Category Archives: shopping

Why Valentine’s Day is a pointless holiday

Valentine’s Day is stupid.

Out of all the silly holidays and pointless days of celebration we have in our society, this is probably the worst.

If you’re currently single and reading this, you are probably nodding your head in agreement and thanking whatever god you believe in that this isn’t another sappy love post about how Valentine’s Day is so great and I am so lucky to be with the love of my life (which I am, but that’s besides the point).

If you’re a fellow lovebird, you’re probably wondering why someone so head-over-heels in love is being so cynical on such a lovey-dovey holiday.

I like holidays and I like having a reason to get dressed up and feel especially giddy, but I don’t feel the need to participate in such a joke. First of all:

No one needs a reminder that they’re alone. If you don’t have a significant other to celebrate this cheesy holiday with, you certainly shouldn’t have to be reminded of just how lonely you are. Google suicide rates on Valentine’s Day and get back to me.

If you love someone, you shouldn’t need a holiday to express it. Love is love no matter what day of the year it is. I’m crazy about my boyfriend every day, I have been since the beginning. And that’s not me being overdramatic and annoying, it’s just the facts. I love my boyfriend, and I tell him frequently. I don’t love him and remind him of my feelings just because it’s Valentine’s Day and society tells me I should. Sure, I’d like to go out to dinner and have a nice night together just like the next girl, but I don’t need chocolates and jewelry and flowers today any more than I do on any other random day of the week- unless he’s proposing. Then it’s a completely different story.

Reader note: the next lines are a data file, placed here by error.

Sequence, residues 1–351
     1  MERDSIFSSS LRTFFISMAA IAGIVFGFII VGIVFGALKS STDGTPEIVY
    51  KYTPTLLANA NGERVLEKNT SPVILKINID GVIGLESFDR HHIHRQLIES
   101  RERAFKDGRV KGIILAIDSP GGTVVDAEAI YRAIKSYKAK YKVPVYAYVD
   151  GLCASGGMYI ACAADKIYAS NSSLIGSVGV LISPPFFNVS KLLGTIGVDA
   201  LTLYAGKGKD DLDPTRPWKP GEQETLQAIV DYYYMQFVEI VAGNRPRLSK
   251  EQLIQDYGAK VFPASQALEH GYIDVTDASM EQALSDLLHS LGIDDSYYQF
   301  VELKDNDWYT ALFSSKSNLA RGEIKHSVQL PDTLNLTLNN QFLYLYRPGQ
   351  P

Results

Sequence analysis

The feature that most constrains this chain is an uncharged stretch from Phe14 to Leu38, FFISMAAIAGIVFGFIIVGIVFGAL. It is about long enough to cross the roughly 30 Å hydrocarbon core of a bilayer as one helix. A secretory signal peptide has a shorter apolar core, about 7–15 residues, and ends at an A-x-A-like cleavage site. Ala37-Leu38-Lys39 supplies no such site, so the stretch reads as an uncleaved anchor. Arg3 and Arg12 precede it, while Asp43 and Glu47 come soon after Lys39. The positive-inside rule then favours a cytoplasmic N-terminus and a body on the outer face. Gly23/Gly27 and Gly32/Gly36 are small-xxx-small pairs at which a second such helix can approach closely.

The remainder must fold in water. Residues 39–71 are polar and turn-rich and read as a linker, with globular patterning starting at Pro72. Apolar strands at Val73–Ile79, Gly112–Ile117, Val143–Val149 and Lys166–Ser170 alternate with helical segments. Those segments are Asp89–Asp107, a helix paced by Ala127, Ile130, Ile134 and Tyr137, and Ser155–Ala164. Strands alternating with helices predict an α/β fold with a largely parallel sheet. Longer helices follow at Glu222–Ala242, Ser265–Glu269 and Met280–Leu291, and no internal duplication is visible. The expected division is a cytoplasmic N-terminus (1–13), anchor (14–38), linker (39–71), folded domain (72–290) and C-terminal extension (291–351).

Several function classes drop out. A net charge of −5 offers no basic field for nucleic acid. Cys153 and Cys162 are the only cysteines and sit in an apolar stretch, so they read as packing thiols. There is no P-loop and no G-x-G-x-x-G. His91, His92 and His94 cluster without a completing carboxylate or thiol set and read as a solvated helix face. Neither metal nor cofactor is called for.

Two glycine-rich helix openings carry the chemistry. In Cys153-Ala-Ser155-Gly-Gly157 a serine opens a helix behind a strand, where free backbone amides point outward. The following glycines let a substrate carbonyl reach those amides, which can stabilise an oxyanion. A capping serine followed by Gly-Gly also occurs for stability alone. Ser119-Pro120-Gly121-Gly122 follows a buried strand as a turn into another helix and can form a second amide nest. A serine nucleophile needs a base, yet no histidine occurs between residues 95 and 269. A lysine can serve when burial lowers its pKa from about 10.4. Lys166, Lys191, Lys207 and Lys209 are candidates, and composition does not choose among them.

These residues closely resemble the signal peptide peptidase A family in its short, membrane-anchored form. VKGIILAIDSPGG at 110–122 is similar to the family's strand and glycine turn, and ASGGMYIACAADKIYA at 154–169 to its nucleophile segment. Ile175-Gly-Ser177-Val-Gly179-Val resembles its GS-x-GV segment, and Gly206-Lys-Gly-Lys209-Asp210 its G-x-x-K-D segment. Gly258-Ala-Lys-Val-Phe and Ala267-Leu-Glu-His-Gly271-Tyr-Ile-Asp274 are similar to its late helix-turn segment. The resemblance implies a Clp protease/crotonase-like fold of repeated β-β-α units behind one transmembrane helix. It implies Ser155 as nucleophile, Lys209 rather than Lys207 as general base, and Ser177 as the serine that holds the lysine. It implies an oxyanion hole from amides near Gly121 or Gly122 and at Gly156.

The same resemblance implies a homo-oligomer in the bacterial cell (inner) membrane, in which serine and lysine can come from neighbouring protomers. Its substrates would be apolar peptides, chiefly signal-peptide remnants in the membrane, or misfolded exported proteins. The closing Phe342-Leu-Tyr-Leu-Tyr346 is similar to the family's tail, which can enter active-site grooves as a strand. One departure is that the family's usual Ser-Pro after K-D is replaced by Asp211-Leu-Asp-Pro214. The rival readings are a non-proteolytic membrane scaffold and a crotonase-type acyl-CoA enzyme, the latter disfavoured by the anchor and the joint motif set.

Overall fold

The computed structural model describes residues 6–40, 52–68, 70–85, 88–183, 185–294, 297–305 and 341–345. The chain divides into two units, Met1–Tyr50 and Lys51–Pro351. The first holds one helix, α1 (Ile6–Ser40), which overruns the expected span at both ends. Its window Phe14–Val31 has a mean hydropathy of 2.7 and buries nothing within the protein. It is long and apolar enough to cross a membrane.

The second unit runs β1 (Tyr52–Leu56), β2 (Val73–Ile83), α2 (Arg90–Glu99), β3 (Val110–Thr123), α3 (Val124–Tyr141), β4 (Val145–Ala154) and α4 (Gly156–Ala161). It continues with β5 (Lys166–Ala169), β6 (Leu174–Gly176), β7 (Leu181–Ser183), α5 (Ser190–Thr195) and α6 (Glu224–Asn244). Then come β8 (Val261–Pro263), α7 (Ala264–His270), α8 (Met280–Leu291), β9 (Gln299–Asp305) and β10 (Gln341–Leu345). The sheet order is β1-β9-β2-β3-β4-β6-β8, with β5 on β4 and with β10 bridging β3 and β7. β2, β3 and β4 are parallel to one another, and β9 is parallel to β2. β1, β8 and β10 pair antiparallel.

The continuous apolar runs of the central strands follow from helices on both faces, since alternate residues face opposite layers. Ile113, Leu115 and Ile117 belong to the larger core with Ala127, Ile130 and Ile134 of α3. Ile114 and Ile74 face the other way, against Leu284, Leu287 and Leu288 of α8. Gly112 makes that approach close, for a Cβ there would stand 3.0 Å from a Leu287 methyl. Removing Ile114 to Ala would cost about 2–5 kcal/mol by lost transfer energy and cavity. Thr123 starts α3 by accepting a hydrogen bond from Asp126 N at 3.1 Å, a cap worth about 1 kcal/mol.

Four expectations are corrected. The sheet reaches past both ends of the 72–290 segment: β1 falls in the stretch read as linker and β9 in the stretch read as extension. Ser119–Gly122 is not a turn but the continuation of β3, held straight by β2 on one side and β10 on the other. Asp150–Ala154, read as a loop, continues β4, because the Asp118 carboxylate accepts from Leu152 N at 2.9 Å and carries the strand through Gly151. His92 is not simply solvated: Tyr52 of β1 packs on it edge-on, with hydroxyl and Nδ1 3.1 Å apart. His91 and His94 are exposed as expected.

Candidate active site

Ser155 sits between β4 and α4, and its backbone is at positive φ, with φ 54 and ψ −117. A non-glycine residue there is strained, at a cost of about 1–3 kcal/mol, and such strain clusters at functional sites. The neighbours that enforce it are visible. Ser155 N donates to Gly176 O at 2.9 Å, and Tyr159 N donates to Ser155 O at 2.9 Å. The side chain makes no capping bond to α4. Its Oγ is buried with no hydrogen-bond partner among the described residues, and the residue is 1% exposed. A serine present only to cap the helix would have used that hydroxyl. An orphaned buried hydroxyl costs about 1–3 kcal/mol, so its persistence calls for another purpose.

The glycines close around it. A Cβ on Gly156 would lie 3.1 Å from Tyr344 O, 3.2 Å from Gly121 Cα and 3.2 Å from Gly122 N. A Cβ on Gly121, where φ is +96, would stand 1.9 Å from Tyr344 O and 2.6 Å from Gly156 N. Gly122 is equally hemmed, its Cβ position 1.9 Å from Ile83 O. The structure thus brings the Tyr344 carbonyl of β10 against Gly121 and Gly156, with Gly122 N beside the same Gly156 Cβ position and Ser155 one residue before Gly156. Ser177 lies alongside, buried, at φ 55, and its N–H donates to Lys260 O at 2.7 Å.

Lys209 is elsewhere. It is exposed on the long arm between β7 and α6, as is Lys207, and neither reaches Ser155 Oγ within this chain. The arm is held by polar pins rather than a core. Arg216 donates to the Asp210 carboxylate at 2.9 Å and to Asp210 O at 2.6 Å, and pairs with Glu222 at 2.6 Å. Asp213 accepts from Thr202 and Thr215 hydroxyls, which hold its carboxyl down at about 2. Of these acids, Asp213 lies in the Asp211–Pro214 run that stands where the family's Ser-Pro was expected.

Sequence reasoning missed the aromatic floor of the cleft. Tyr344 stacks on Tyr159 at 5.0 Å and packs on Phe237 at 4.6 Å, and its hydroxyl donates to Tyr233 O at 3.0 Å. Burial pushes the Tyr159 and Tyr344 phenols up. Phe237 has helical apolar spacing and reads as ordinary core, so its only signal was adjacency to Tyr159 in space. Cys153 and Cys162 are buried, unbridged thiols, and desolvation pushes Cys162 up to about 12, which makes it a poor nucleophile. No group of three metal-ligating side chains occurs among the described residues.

There are no clear origins. Where did this silly holiday even come from? Sure, there was a Saint Valentine, but he had nothing to do with the holiday. It’s just a stupid excuse of a holiday that Hallmark created to sell greeting cards and chocolate.

I’m mostly turned off by how crazy people get over this holiday, both for and against it. It hardly ranks among even the lowest of the low (like Memorial Day and Flag Day), so it hardly seems deserving of such attention.

 

In reality, though, I’m just bitter because Hallmark insists on relocating any prospective employee to the Midwest (namely, Kansas). There go my dreams of designing greeting cards. Unless I can get my boyfriend to move to Kansas.

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Filed under community, Consumerism, Cynicism, Entertainment, Holidays, humanity, Humor, Lists, obsessions, Opinion, sex, shopping, Society, Valentine's Day

Why I need to stop buying things (and other reasons why I don’t want to end up like everyone else)

We are a nation of shopaholics. No matter how much we buy, no matter how much we spend, we always want more.

The problem is, we like things. It could be clothing. Or jewelry. Or media. Or designer handbags. Or electronics- including the latest phones and tablets and other techie gadgets. It doesn’t matter. As soon as we have something new, we want something else, something better. It’s a never-ending cycle that companies in retail love and I hate (to love).